When she is 14 years old, the narrator takes an after-school job at Shore’s, a neighborhood nursing home. Charged with delivering trays of mucousy food to the rooms, she hears the wails of the patients. “It was like it was only one dinner, again and again,” Myles writes, “a pattern of food entering and re-entering a stream of food fabric coming down the line of endless dinner times while we waited for the people to die.” Once, she discovers that the woman she brings poached eggs to on Saturday morning is already dead.
By then, she already knew exactly how these scenes of dereliction began. The family of her neighborhood friend Lorraine ran a boardinghouse in their home, a sort of pre-nursing home. Here, she met older women in their forties, fifties, and sixties living alone in small private rooms full of beads and old clothes and pictures of men. It didn’t take the child-Eileen Myles long to surmise that “women wind up in little rooms, women wind up alone.” Still, even this astronomer of human relations is shocked when she sees Mrs. Beatty, once the boardinghouse “star,” with her cigarette holder, fur coat, and spectacular entrances, has arrived at Shore’s too, her “big bare butt being lifted off a potty seat . . . I could smell her shit, but mostly it was her white nakedness and the fact that Mrs. Beatty was one of the most covered people I had ever seen in my life . . . and there she was without her hat . . . it was all gone, her colors and her fur and even her voice.”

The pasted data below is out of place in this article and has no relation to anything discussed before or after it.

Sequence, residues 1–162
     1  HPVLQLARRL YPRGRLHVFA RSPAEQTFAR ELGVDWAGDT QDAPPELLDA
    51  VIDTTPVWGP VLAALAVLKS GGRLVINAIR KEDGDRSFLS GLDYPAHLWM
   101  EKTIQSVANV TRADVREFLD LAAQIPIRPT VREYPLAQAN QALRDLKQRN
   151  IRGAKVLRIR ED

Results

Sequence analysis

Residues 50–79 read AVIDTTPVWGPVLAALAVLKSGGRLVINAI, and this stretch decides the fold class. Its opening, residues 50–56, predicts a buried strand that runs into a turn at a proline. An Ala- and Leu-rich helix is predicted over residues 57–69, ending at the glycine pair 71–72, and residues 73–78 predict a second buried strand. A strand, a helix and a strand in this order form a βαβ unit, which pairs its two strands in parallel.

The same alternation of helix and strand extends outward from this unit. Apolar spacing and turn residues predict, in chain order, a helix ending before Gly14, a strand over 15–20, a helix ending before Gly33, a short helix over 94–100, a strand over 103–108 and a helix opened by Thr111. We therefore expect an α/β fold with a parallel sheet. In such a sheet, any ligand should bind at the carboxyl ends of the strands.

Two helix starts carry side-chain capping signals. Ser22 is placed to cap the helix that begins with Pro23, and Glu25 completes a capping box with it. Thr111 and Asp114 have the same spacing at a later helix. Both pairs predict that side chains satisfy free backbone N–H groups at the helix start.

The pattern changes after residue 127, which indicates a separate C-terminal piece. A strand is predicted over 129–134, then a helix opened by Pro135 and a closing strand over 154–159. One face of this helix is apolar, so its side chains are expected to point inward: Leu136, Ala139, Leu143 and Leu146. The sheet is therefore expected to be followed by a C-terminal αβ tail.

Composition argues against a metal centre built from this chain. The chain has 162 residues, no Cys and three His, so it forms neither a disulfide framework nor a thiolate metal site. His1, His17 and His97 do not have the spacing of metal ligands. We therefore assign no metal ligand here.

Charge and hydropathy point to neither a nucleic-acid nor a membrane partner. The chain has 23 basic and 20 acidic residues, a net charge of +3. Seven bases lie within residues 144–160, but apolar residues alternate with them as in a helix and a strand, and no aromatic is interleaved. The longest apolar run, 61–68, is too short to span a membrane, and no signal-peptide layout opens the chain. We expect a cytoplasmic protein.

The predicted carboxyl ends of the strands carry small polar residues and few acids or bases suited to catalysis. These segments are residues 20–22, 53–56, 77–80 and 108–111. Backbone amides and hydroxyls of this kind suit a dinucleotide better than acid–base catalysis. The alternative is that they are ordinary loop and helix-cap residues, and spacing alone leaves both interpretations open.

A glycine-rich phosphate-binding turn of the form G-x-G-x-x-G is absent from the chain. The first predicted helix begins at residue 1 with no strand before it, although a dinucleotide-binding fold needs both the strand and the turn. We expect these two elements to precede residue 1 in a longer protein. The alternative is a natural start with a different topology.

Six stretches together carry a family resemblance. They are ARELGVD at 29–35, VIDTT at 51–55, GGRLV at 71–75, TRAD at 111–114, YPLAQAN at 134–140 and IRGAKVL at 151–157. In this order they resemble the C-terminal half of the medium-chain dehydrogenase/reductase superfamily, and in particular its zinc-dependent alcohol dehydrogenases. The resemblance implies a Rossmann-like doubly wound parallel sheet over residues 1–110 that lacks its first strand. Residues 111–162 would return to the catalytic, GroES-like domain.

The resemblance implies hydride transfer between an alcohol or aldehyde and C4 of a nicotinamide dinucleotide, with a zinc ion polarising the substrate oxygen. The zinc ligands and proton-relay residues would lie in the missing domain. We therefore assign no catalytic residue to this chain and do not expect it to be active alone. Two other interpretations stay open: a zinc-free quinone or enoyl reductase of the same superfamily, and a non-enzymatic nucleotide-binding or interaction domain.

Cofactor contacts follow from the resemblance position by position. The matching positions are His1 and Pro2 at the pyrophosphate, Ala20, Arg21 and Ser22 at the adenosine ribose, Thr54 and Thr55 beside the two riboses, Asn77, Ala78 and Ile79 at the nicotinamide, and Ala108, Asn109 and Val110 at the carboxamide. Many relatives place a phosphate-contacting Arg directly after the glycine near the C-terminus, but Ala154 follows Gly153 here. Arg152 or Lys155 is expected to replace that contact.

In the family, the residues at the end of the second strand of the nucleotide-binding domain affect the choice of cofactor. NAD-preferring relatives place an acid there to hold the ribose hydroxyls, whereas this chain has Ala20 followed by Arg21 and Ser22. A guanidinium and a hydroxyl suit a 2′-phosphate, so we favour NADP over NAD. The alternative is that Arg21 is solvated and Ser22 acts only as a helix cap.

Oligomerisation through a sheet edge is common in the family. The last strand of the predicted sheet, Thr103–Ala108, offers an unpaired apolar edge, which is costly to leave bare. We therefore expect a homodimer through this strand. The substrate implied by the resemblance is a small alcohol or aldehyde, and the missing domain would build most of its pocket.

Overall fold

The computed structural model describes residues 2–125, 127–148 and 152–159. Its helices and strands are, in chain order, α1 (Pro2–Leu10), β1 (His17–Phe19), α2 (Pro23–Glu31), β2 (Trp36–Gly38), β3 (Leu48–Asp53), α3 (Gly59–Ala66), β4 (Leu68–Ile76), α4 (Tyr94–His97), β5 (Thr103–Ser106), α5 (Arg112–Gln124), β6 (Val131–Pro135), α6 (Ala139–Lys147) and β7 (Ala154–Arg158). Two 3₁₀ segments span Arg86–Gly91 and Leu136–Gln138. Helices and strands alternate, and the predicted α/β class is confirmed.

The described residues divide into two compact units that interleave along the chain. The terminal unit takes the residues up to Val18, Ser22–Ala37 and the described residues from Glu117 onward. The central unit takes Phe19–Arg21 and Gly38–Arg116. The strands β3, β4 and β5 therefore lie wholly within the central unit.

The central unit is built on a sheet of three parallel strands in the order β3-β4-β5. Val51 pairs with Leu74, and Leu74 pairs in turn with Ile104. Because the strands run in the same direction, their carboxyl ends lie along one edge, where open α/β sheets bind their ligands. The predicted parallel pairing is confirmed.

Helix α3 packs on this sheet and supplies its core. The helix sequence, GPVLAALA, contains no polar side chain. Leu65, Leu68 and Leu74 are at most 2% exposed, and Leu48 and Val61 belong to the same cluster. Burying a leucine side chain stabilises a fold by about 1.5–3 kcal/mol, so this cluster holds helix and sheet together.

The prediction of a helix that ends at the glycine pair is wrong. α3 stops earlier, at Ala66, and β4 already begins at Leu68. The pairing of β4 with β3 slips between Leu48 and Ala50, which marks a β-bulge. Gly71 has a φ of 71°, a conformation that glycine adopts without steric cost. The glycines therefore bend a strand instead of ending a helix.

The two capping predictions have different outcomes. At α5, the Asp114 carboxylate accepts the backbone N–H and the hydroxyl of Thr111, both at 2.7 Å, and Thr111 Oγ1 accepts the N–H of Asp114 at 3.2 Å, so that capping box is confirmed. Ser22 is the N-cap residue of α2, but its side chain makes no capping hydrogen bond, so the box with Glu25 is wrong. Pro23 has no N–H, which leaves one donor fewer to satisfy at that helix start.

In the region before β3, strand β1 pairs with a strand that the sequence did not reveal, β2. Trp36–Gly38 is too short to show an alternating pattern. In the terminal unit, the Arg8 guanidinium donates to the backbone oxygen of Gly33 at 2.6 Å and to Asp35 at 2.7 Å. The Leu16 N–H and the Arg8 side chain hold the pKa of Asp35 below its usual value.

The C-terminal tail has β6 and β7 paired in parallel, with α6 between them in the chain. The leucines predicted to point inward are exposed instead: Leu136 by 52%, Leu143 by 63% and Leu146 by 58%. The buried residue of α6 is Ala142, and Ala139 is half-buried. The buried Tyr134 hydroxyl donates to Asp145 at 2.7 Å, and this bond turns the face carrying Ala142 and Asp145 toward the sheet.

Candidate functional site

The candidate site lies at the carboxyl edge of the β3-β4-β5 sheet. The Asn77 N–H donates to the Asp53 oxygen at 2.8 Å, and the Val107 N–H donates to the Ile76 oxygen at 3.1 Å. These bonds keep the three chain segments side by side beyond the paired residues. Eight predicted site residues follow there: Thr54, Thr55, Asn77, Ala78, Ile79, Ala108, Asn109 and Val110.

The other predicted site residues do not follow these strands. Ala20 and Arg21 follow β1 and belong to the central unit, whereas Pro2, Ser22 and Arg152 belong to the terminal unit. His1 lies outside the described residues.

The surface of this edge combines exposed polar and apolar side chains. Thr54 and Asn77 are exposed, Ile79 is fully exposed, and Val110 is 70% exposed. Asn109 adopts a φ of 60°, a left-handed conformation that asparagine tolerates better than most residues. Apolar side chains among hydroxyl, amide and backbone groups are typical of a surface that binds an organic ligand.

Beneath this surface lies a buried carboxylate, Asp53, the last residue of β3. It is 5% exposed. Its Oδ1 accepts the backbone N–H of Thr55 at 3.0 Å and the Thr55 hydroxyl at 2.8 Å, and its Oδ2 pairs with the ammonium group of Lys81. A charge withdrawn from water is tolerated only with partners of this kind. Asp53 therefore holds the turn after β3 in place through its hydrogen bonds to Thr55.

There is madness, of course, in Myles’s family background—institutionalized madness wasn’t uncommon in that time and place. Part of the book’s narrative frame entails Myles’s search for the medical records of her grandmother, Nellie Reardon Myles, who entered a state institution when she was 60 years old, and died there some 14, or 15, or 16 years later—the records tell how many teeth she has left; they know her disposition—“resentful”—at times, but they don’t know the date of her death. After attending another state institution, the University of Massachusetts Boston, a commuter school that doesn’t live up to the dreams of college life she’d formed as a child while watching TV, the narrator moves west and floats with madness herself. She drifts to Vancouver, and then San Francisco, and works many jobs. She observes on the news: “There were bodies turning up in graves every day . . . It was like people liked it. It would be so easy to kill me. Anyone could. That’s why I didn’t like it. It was just a small coincidence, my life. One of those sad girls.” But she doesn’t stay there. She doesn’t say how—the is matters more than the how—but then she comes back.
Seventeen years after its first publication, the book feels just as radical, startling, and daringly alive as when it first came out. Perhaps now it will be better read. When Dave Eggers titled his 2000 book A Heartbreaking Work of Staggering Genius, I think really he was talking about Cool for You.
Eileen Myles will be signing copies of Cool for You tomorrow, Thursday, June 1, at Book Expo in New York.
From the introduction to COOL FOR YOU by Eileen Myles. Copyright 2017 by Chris Kraus.